And after the second year was over, the Soul came down to the shore of the sea and called to the young fisherman and he rose out of the deep and said, "Why dost thou call to me?"

And the Soul answered, "Come nearer, that I may speak with thee, for I have seen marvellous things."

So he came nearer, and couched in the shallow water, and leaned his head upon his hand and listened.

And the Soul said to him, "When I left thee, I turned my face to the South and journeyed. From the South cometh everything that is precious. Six days I journeyed along the highways that lead to the city of Ashter, along the dusty red-dyed highways by which the pilgrims are wont to go did I journey, and on the morning of the seventh day I lefted up my eyes, and lo! the city lay at my feet, for it is in a valley.

"There are nine gates to this city, and in front of each gate stands a bronze horse that neighs when the Bedouins come down from the mountains. The walls are cased with copper, and the watch-towers on the wall are roofed with brass. In every tower stands an archer with a bow in his hand. At sunrise he strikes with an arrow on a gong, and at sunset he blows through a horn of horn.

"When I sought to enter, the guards stopped me and asked of me who I was. I made answer that I was a Dervish and on my way to the city of Mecca, where there was a green veil on which the Koran was embroidered in silver letters by the hands of angels. They were filled with wonder, and entreated me to pass in.

"Inside it is even as a bazaar. Surely though shouldst have been with me. Across the narrow streets the gay lanterns of paper flutter like large butterflies. When the wind blows over the roofs they rise and fall as painted bubbles do. In front of their booths sit the merchants on silken carpets. The have straight black bears, and their turbans are covered with golden sequins, and long strings of amber and carved peach-stones glide through their cool fingers. Some of them sell galbanum and nard, and curious perfumes from the islands of the Indian Sea, and the thick oil of red roses, and myrrh and little nail-shaped cloves. When one stops to speak to them, they throw pinches of frankincense upon a charcoal brazier and make the air sweet. I saw a Syrian who held in his hands a thin rod like a reed. Grey threads of smoke came frim it, and its odour as it burned was as the odour of pink almond in spring. Others sell silver bracelets embossed all over with creamy blue turquoise stones, and anklets of brass wire fringed with little pearls, and tigers' claws set in gold, and the claws of that gilt cat, the leopard, set in gold also, and earrings of pierced emerald, and finger rings of hollowed jade. From the tea-houses comes the sound of the guitar, and the opium-smokers with their white smiling faces look out at the passers-by.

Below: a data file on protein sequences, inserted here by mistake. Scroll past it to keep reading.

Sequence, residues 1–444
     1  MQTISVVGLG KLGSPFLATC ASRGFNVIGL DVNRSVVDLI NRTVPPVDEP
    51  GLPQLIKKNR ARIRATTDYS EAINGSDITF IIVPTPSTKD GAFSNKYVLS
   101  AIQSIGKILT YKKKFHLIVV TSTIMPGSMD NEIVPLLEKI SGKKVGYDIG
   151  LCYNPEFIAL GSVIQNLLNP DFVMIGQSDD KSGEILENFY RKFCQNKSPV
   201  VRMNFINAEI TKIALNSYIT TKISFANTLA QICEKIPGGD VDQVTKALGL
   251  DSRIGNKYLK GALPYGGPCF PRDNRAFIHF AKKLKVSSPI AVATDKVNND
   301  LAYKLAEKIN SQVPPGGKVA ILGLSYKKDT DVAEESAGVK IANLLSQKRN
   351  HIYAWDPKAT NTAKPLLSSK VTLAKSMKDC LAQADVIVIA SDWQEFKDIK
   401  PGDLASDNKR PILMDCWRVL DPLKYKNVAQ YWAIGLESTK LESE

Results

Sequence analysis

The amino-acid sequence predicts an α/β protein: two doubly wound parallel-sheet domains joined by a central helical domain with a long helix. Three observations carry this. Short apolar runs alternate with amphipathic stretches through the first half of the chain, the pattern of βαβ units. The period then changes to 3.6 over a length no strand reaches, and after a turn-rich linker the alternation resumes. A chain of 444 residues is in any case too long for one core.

"Of a truth though shouldst have been with me. The wine-sellers elbow their way trough the crowd with great black skins on theor shoulders. Most of them sell the wine of Shiraz, which is as sweet as honey. They serve it in little metal cups and strew rose leaves upon it. In the market-place stand the fruitsellers, who sell all kinds of fruit: ripe figs, with their bruised purple flesh, melons, smelling of musk and as yellow as topazes, and oval lemons of green gold. Once I saw an elephant go by. Its trunk was painted with vermillion and turmeric, and over its ears it had a net of crimson silk cord. It stopped opposite one of the booths and started eating oranges, and the man only laughed. Thou canst not think how strange a people they are. When they are glad they go to the bird-sellers and buy of them a caged bird, and set it free that their joy may be greater, and when they are sad they scourge themselves with thorns that their sorrow may not grow less.

"One evening I met some negroes carrying a heavy palanquin through the bazaar. It was made of gilded bamboo, and the poles were of vermillion lacquer studded with brass peacocks. Across the windows hung thin curtains of muslin embroidered with beetles' wings and with tiny seed pearls, and as it passed by a pale-faced Circassian looked out and smiled at me. I followed behind, and the negroes hurried their steps and scowled. But I did not care. I felt a great curiosity come over me.

"At last they stopped at a square white house. There were no windows to it, only a little door like the door of a tomb. They set down the palanquin and knocked three times with a copper hammer. An Armenian in a caftan of green leather peered through the wicket, and when he saw them he opened, and spread a carpet on the ground, and the woman stepped out. As she went in, she turned round and smiled at me again. I had never seen any one so pale.

"When the moon rose I returned to the same place and sought for the house, but it was no longer there. When I saw that, I knew who the woman was, and wherefore she smiled at me.

"Certainly though shouldst have been with me. On the feast of the New Moon the young Emperor came forth from his palace and went into the mosque to pray. His hair and beard were dyed with rose leaves, and his cheeks were powdered with a fine gold dust. The palms of his feet and hands were yellow with saffron.